- We have a focus on basic skills in the core subjects but also applying these across the curriculum as they do in their English and mathematics books. Although each subject is taught as a discrete area we have designed a curriculum that makes links between different subjects creating curriculum cohesion and enabling pupils to link their learning appropriately. There is a focus on high-quality writing and pupils use mathematics and information technology skills across different subject areas.
- As a Catholic school, we have designed a curriculum that teaches pupils morality, respect and a sense of community. Not only through our religious education and PSHE teaching but across the whole curriculum through carefully chosen themes.
- Our pupils have told us (through pupil interviews) that they learn best when they enjoy learning. We have planned our curriculum to include a range of exciting and pupil-motivating activities, avoiding an over-use of worksheets.
- Whole school monitoring has shown that our pupils often forget key knowledge that they have been taught (particularly in the case of foundation subjects) and so we have planned a curriculum that is knowledge-rich. Changes to the National Curriculum have enabled us to teach fewer topics in more depth concentrating on the key knowledge that we want children to remember. There is a frequent repetition of content to help pupils acquire this core knowledge. Our curriculum provides mastery of key knowledge. Our Maths curriculum, through Maths No Problem for example, provides opportunities for pupils to practise and consolidate their learning, master learning objectives by developing a deeper understanding and to apply their knowledge in greater depth. There are opportunities for pupils who do not master learning objectives to repeat work before moving on.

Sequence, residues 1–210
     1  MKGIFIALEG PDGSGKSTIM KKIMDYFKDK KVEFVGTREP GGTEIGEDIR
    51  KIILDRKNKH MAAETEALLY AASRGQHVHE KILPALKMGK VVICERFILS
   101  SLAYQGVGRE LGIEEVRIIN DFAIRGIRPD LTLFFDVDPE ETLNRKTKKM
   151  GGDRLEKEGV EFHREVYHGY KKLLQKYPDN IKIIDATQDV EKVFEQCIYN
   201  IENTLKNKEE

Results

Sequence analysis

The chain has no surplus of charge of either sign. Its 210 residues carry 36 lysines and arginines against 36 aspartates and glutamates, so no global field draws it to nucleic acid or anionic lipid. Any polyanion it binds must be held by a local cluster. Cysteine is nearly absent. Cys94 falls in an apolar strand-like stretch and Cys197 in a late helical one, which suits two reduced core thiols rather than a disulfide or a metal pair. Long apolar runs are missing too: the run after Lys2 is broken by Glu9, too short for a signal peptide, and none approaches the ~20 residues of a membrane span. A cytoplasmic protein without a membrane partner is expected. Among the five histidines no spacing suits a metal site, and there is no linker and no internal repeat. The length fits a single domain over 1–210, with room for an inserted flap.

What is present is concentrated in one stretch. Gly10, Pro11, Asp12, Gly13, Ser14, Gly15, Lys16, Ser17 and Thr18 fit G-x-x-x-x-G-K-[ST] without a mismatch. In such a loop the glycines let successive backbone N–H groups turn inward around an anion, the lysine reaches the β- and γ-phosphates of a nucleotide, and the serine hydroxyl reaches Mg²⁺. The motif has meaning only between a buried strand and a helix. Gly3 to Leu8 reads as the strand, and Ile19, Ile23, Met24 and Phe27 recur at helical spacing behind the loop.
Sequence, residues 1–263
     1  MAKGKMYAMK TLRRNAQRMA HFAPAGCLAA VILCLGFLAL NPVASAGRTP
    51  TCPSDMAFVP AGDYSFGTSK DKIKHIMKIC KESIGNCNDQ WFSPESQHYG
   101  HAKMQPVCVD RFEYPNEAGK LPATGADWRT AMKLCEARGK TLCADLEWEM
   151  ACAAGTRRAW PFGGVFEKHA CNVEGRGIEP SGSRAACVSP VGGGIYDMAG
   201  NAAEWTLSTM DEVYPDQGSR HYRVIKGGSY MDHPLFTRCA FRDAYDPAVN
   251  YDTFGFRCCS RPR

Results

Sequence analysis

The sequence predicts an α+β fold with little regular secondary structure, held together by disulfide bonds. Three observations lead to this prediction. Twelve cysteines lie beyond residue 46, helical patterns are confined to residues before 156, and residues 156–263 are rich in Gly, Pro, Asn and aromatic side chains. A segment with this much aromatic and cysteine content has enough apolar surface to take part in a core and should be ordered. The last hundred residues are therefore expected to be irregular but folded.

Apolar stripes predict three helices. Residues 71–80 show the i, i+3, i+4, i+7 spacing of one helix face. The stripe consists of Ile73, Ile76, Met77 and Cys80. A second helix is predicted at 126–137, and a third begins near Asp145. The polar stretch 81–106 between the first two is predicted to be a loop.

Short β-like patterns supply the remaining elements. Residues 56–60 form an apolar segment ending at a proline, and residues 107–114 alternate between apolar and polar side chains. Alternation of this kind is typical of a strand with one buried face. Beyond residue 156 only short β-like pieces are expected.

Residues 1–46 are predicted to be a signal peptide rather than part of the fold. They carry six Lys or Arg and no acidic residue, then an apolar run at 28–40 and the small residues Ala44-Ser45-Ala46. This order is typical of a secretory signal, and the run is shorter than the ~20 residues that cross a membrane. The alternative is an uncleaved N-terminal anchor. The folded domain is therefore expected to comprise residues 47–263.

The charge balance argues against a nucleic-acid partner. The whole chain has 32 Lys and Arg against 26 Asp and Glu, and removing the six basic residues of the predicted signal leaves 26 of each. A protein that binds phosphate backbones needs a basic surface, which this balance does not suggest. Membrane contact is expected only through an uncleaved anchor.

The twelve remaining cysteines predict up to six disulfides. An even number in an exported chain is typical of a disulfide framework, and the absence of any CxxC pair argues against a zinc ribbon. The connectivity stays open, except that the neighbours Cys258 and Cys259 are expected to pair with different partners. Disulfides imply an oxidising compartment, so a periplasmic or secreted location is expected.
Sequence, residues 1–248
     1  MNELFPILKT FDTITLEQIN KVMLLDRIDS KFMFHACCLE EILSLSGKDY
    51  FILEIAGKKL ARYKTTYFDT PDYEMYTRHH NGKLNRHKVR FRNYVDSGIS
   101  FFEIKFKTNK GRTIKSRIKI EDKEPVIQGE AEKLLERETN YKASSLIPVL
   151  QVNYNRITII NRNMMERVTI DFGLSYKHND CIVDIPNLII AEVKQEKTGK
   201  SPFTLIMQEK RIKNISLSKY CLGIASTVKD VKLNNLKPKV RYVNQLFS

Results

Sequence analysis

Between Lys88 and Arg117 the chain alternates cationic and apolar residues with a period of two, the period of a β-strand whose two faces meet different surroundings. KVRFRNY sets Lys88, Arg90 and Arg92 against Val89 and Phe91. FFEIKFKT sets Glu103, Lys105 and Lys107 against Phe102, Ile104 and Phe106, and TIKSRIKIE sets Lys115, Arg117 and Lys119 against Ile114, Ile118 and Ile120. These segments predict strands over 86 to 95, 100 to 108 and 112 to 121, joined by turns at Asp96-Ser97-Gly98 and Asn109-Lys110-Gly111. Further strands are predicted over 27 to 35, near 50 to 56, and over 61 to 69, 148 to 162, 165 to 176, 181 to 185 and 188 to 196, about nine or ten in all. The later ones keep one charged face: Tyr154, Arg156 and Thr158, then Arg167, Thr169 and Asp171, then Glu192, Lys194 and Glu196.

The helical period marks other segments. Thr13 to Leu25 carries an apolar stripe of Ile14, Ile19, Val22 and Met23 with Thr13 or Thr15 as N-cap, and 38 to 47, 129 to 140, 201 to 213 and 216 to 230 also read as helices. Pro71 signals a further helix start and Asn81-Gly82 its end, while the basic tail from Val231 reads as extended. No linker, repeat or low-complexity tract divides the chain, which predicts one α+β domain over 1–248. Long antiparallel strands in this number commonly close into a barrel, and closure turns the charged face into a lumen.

- We want our pupils to become independent, resilient and divergent learners so they are ready for secondary school (and beyond). Our curriculum explicitly teaching strategies for how to plan, organise knowledge and monitor tasks. We have developed a ‘growth mindsets’ culture throughout our school teaching pupils to ‘have a go’, to use a different strategy if they get stuck, to seek peer support and to learn from their mistakes.
- Our aim is that all pupils make good progress across all areas of the curriculum (including disadvantaged pupils and those with a special need and/or disability). There is a sequencing of subject-specific concepts based on what we expect pupils to know at each particular stage ensuring challenge. We are an inclusive school and we aim to ensure curriculum access for all, including disadvantaged pupils and those with special educational needs and/or disabilities.
- Many of our pupils start school with a very limited vocabulary (as evidenced by our Early Years baseline assessments) and our disadvantaged pupils often have gaps in their vocabulary. Our curriculum has been developed to introduce/explore new vocabulary and activities have been planned to ensure that pupils get the opportunity to apply and revisit this new knowledge.
- Not all of our children (including some of our disadvantaged pupils) have the opportunity to develop their life experiences outside of school. Our curriculum considers the local context and it is enriched with local trips, workshops and visits linked to curriculum areas (please see the links identified on our Curriculum Coverage overviews for each year group).